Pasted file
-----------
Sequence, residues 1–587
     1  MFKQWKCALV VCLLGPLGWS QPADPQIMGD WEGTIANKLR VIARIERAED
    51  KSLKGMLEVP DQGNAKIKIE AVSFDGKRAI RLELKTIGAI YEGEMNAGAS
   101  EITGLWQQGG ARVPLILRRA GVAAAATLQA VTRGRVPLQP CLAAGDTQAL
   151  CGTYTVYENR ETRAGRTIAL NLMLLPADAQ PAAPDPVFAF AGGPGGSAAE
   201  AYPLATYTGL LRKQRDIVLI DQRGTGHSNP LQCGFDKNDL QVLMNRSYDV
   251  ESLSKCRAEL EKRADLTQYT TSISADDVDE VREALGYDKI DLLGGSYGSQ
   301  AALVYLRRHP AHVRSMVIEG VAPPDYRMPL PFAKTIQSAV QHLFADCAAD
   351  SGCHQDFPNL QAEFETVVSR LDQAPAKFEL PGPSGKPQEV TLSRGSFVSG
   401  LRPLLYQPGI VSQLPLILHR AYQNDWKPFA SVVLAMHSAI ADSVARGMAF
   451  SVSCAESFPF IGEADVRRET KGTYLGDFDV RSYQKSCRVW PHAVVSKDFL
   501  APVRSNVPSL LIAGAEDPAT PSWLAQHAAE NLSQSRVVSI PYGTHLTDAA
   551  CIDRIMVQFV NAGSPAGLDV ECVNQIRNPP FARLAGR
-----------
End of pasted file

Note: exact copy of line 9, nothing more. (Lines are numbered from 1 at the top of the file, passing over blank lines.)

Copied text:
   351  SGCHQDFPNL QAEFETVVSR LDQAPAKFEL PGPSGKPQEV TLSRGSFVSG